Firefox 48 takes the first Rust code into production within this web browser, Electrolysis is beginning to be turned on by default, a variety of WebRTC improvements, improved Linux Canvas support, various security improvements, enforcing that add-ons be signed/verified through Mozilla, and more.

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More in Tux Machines

today's leftovers

  • Acer updates Chromebook 15 with 12-hour battery life -- $199 exclusively at Walmart
    Chromebooks are not for everyone, but for many home users, it is absolute perfection. If you live in the web browser -- as many people do nowadays -- laptops running Google's Linux-based Chrome OS are a godsend because they are maintenance free. No need for confusing OS upgrades or anti-virus software. It just works, and it works well. Since they can now run Android apps too, they could become a serious threat to Microsoft and Windows 10. One of the most attractive aspects of Chromebooks is price -- they are often quite affordable. Today, Acer refreshes its 15.6 inch Chromebook 15 with a mind-boggling 12 hours of battery life. Best of all? It starts at $199. Yes, this model will get Android app support in a future update too.
  • Of Life, Linux and Karma Angels
    Angel filed appeal after appeal only to be denied on every attempt. Texas is an "at will" employment state so being terminated for cause can mean anything. Over the next few weeks, Angel became more and more fearful of losing her house, as she had just purchased it a year before. On top of that, her HP desktop had taken a nose dive into severe brokeness and that made it extra difficult for her to look for work. I put together a decent desktop for her and installed it that day, and was a Linux computer. Angel didn't have even the slightest problem with the new machine, and she wasn't particularly good at using one. So, let's put another slash in the falsehood that Linux is too hard for the everyday user. Most of them anyway. YMMV. To her glee, the OS picked up and configured her Epson all in one without her lifting a finger to do so. She almost clapped for happiness, stating that in Windows, installing that printer had been a nightmare, even with the included driver CD. And just to pinpoint the time frame for you, it was the summer of 2006.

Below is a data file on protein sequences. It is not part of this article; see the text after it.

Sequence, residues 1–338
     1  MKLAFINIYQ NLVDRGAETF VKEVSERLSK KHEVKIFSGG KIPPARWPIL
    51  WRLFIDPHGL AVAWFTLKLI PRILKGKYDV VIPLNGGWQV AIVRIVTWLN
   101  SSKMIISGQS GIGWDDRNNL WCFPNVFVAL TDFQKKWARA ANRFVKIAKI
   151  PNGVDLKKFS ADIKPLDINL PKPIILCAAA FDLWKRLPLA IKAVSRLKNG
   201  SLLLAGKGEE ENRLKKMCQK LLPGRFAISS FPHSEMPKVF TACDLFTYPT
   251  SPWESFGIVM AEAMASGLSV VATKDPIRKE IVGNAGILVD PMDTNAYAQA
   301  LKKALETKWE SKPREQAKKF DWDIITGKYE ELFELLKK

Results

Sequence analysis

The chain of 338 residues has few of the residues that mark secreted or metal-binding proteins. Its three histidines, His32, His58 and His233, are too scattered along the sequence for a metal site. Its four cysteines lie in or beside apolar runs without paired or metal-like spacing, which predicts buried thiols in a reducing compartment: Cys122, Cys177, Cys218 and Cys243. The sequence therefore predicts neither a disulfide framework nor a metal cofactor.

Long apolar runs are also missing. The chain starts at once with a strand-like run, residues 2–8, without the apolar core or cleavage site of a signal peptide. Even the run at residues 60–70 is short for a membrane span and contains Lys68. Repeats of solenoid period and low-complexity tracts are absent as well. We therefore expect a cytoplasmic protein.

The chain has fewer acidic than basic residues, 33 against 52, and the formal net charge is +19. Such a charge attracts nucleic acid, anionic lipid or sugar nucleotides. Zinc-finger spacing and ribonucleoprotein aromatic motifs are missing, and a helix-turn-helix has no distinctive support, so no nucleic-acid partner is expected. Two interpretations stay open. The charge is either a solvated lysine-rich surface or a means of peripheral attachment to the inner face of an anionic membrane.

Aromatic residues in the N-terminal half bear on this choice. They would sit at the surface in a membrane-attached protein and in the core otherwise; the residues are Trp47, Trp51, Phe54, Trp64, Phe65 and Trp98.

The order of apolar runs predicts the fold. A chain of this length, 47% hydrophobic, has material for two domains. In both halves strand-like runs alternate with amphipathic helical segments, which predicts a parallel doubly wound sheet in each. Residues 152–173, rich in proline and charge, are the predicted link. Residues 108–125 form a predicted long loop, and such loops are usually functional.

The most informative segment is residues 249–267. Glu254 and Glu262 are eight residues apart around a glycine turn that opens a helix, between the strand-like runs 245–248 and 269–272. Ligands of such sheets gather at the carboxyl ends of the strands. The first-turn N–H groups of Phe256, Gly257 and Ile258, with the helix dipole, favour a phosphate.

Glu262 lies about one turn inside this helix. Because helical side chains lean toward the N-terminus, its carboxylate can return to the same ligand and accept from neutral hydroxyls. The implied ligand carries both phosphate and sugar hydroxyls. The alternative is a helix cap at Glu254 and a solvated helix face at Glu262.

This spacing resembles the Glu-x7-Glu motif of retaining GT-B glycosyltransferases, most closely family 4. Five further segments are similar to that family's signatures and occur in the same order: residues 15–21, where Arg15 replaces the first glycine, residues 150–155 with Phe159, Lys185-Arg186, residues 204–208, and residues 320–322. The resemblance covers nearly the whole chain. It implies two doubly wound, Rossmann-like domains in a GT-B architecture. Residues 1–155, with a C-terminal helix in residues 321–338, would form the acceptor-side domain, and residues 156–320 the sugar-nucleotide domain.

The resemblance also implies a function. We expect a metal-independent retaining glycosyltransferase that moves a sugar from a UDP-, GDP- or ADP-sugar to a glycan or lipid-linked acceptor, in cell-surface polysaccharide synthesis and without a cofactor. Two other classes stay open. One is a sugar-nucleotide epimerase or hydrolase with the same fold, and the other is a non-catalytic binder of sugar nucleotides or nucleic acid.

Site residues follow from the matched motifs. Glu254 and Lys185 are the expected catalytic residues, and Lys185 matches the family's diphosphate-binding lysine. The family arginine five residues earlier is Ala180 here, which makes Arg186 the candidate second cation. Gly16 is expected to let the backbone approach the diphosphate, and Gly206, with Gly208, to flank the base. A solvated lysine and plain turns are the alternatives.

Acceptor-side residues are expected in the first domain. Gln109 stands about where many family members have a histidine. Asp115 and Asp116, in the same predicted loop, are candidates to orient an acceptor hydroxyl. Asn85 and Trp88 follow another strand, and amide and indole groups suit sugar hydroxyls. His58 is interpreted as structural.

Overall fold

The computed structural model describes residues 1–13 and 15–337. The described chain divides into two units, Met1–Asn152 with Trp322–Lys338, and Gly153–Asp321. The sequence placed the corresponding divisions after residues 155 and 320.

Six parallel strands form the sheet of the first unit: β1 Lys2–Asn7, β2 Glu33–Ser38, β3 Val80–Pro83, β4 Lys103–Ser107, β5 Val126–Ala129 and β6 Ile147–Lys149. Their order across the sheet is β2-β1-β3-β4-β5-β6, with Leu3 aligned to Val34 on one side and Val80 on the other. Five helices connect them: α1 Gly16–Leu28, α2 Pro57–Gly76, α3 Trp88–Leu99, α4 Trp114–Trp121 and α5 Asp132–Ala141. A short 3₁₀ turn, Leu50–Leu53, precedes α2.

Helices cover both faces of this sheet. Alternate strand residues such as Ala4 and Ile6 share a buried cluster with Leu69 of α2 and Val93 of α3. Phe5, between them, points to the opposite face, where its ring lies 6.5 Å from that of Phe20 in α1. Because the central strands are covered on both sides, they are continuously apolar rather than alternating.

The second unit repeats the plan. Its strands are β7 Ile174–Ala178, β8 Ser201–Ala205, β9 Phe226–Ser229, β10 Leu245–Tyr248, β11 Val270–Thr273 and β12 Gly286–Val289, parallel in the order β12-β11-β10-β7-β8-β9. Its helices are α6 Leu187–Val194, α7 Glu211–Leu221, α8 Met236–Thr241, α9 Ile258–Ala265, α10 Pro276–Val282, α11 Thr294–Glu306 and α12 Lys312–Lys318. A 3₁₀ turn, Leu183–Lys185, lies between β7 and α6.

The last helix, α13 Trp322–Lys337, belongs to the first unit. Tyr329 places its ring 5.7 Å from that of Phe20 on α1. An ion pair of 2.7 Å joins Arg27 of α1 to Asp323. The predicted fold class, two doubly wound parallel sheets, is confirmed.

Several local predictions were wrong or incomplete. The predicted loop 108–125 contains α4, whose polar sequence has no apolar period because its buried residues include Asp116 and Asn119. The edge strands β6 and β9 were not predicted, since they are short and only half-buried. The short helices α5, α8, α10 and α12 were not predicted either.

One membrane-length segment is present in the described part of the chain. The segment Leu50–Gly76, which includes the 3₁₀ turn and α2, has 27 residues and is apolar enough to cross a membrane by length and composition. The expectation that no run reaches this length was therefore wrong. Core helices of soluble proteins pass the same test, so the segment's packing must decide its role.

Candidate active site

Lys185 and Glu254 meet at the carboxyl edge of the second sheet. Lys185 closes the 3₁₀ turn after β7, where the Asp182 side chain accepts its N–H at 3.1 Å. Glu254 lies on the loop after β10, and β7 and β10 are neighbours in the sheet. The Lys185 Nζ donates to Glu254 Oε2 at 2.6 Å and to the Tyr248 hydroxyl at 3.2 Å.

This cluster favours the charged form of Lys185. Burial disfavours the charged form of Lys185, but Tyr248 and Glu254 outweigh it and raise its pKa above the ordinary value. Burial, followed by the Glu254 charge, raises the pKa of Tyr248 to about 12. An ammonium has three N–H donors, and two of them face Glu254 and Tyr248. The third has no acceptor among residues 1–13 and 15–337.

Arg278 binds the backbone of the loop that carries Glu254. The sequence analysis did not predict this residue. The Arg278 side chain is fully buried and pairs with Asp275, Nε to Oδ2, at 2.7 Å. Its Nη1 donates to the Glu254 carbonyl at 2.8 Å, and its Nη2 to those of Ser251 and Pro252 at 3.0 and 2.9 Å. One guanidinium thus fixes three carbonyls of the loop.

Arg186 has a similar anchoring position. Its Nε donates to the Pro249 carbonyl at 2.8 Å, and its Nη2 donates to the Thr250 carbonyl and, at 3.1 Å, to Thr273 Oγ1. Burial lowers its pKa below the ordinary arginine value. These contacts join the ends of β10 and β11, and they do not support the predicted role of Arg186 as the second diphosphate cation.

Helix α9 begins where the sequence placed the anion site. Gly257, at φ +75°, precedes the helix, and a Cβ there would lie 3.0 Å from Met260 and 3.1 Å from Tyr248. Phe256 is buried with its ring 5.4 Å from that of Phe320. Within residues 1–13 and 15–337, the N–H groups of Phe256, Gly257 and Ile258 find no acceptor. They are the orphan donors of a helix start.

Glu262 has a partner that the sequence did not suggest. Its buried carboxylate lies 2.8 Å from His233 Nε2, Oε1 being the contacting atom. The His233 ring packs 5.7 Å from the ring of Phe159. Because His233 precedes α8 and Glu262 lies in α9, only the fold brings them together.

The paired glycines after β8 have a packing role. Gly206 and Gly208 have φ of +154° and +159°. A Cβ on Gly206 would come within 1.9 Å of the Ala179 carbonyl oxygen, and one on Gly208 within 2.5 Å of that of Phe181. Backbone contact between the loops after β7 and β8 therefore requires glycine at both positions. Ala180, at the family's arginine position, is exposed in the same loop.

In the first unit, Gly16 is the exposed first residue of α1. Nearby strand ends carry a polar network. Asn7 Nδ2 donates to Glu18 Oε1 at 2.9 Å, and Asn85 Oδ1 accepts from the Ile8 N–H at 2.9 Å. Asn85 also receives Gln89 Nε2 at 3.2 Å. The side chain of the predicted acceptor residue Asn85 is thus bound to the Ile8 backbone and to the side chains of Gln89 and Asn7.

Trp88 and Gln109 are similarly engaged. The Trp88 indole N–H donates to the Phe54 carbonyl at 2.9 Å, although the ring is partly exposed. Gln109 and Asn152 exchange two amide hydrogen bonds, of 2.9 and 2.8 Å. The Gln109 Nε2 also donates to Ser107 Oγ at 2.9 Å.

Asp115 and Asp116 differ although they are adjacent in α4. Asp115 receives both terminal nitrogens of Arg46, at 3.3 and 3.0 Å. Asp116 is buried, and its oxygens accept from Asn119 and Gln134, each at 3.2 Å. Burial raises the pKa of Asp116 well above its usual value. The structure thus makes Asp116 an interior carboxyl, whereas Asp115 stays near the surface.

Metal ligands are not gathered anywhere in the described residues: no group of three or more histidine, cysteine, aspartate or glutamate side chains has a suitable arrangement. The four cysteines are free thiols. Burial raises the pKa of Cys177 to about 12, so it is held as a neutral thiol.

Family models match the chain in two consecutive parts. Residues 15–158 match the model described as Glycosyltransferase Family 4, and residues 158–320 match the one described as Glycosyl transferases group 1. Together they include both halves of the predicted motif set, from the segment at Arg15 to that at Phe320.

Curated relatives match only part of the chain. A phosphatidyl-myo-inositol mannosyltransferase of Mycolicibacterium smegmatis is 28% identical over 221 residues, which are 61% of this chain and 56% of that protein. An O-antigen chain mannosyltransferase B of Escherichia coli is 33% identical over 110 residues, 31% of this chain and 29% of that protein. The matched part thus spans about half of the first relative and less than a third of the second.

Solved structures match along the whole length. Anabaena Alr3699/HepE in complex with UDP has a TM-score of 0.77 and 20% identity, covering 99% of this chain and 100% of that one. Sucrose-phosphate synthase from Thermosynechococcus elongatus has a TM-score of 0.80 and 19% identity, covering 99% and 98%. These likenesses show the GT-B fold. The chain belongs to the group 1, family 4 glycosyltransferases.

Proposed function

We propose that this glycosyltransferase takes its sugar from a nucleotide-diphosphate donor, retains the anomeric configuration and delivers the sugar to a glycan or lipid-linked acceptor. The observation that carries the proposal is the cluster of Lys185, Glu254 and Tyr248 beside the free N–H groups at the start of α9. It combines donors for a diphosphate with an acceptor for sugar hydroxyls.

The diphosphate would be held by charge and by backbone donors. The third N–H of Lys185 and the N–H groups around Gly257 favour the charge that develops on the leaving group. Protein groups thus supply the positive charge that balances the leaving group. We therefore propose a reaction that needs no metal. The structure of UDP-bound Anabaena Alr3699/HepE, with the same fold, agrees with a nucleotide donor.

• Deus Ex: Mankind Divided to launch on Linux in November, Mac version delayed
    Feral Entertainment has announced that Deus Ex: Mankind Divided will be launching on Linux in November. Feral Interactive is currently working on the Linux port of the game. In September the game development studio announced that Deus Ex: Mankind Divided would make its way to two additional platforms: Linux and Mac. The Linux version of the game will most likely make use of OpenGL or Vulkan to power its graphics engine.
  • Mad Max: It Came From The Desert to Linux